Rishi Sunak brings back Bill of Rights to resolve migrant dispute with European Court

Rishi Sunak will bring back Britain’s Bill of Rights as part of his bid to stop migrants crossing the English Channel, The Telegraph can reveal.

Ministers are set to introduce legislation to ensure the supremacy of UK courts over Strasbourg, after a legal challenge under the European Convention on Human Rights grounded the first flight of asylum seekers to Rwanda.

Downing Street sources have said that while the sweeping 44-page Bill of Rights is not a “silver bullet” to solving the migrant crisis, it would allow UK courts to ignore European case law more often.

It will also make it easier for the government to deport foreign criminals who claim their right to family life should trump public safety.

In September, Liz Truss dropped the same bill, with sources close to her describing it as a “complete mess” containing too many measures in one document.

Some members of the legal profession and human rights groups also opposed it, who described it as a “grab of power” by the state.

But the Bill of Rights was championed by Dominic Raab, who was reappointed to Cabinet as Justice Secretary by Mr Sunak after seven weeks on the bench while Ms Truss was in Downing Street.

On Saturday evening he said the bill would “inject a healthy dose of common sense back into the system and put an end to the abuse of our laws” and would “make it clear that the Supreme Court of the United Kingdom is not subordinate to the European court of human rights”.

European decisions will no longer become case law

Although the bill does not directly address the issue of illegal migration, it does mean that interim injunctions issued by the Court of Strasbourg against the UK government will not become case law in Britain.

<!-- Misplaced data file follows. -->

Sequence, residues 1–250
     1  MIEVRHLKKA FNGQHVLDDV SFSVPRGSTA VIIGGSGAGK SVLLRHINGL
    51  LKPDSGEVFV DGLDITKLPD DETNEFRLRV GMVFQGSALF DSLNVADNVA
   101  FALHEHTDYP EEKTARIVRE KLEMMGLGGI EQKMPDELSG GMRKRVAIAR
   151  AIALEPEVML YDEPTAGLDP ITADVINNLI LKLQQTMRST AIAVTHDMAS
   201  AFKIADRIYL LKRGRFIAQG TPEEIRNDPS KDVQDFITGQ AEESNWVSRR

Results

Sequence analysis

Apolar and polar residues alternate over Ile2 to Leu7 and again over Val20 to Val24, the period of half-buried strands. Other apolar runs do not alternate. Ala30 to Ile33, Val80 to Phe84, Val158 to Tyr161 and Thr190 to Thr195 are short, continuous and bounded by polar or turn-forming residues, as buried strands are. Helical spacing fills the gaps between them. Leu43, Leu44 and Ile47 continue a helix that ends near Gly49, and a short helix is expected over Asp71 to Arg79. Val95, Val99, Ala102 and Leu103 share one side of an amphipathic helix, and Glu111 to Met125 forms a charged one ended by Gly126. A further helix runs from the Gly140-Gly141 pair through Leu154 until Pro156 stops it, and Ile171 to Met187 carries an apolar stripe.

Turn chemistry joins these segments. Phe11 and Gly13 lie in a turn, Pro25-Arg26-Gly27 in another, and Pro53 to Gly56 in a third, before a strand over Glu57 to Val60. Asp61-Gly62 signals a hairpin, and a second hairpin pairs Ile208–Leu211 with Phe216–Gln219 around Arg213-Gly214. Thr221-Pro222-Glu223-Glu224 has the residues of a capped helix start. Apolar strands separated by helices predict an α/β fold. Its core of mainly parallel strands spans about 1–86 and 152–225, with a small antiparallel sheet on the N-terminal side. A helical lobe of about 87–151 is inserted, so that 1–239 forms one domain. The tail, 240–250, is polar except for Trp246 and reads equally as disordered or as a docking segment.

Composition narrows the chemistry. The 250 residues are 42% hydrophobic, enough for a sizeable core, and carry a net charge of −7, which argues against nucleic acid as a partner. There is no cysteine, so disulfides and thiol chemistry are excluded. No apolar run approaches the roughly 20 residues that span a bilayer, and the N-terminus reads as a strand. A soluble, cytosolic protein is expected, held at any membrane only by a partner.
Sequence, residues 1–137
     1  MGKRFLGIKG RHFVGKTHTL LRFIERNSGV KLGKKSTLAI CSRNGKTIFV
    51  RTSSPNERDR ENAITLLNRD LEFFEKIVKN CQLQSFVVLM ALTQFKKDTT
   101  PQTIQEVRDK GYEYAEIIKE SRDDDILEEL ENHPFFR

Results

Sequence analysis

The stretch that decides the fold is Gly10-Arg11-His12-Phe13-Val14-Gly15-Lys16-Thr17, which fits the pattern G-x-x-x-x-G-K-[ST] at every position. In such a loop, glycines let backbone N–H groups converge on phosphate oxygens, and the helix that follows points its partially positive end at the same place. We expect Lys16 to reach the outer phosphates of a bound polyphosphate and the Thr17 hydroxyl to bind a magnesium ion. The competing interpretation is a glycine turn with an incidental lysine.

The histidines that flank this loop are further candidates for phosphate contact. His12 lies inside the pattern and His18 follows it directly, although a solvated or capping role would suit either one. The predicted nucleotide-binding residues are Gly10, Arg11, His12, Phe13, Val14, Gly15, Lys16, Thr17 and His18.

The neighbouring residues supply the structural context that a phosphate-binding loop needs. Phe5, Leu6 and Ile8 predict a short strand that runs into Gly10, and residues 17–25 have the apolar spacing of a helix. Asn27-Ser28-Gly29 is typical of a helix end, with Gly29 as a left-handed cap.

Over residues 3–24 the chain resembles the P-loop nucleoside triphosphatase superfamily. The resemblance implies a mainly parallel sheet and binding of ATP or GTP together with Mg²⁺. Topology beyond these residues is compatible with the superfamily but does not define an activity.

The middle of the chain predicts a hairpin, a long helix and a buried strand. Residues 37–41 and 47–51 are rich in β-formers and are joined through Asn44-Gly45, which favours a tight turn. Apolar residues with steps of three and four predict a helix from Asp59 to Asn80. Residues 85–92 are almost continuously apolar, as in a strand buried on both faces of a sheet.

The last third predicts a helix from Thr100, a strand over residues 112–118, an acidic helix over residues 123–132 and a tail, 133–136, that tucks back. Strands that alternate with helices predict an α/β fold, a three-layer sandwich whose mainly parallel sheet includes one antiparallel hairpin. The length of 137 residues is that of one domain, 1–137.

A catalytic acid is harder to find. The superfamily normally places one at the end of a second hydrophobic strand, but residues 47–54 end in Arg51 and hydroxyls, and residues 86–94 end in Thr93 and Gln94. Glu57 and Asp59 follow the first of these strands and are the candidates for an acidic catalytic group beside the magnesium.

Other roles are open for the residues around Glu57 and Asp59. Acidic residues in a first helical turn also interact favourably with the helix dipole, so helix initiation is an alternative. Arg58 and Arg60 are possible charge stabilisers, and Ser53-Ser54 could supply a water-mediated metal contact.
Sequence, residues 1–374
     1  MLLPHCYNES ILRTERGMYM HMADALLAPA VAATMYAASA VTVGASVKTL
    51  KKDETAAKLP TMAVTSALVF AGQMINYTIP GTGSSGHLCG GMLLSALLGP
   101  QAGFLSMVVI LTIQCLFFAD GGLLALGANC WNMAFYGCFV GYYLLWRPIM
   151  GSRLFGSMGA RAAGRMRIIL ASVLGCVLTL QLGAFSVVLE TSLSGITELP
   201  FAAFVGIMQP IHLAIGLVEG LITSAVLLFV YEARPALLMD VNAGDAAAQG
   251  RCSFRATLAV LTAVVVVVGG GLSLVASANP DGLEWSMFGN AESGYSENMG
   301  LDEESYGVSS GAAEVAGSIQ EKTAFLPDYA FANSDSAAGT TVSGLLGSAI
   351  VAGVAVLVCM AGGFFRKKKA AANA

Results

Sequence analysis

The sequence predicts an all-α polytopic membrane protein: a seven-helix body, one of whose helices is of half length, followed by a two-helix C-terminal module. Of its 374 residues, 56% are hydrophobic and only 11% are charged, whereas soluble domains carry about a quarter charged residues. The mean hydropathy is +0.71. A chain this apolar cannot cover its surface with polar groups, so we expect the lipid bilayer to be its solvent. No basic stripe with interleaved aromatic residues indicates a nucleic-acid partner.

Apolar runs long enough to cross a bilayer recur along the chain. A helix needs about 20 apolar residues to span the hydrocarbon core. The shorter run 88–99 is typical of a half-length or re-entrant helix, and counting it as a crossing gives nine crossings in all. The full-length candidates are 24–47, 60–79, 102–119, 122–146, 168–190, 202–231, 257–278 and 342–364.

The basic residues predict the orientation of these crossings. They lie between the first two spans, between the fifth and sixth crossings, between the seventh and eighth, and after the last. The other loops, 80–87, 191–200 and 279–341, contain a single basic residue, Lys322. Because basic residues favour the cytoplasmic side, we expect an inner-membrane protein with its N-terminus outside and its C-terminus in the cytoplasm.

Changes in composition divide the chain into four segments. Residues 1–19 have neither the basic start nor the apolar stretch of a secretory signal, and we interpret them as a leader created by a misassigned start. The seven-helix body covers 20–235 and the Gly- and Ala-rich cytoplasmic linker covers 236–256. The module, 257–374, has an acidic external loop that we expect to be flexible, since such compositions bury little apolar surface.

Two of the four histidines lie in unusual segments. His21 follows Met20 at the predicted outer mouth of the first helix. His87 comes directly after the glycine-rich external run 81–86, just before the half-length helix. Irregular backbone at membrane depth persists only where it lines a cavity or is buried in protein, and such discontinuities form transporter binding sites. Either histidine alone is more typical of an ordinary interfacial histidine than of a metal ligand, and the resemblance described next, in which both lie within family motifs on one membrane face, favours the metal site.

Officials believe migrants will be less likely to cross the Channel in small boats if they risk being sent to Rwanda, but the policy is on hold while it is challenged in British courts.

The bill is likely to be controversial in some quarters, after Tory MPs said the only way to resolve the row between Strasbourg and the UK courts was to leave the ECHR altogether.

Suella Braverman, the Home Secretary, has previously said that ‘ultimately we have to leave the European Convention on Human Rights’ and that it was her ‘dream’ and her ‘obsession’ to see a plane taking off for Rwanda containing asylum seekers.

But a Number 10 source said Mr Raab and Ms Braverman were ‘on the same page’ on the need to pass a bill of rights and highlighted comments she had made as attorney general where she supported the decision.

The legislation also contains measures allowing terrorists to be held in solitary confinement without a “right to socialization” and makes it more difficult for courts to order journalists to reveal their sources.

Ms Braverman issued a fresh warning that ‘the abuse of the system must stop’ in a Mail on Sunday article.

In another hint about changes to UK migration laws, she wrote: “Where national or international law interferes with our sovereign right to defend our borders, I will act.

“Many Albanians falsely claim to be victims of ‘modern slavery’ – despite having paid thousands of dollars to come here. This is an abuse of our system that must end.”

She insisted the system must focus on the ‘real victims of slavery’ and doubled down on her defense of the Rwandan project, adding: ‘This is the plan the British people want. I will implement it “.

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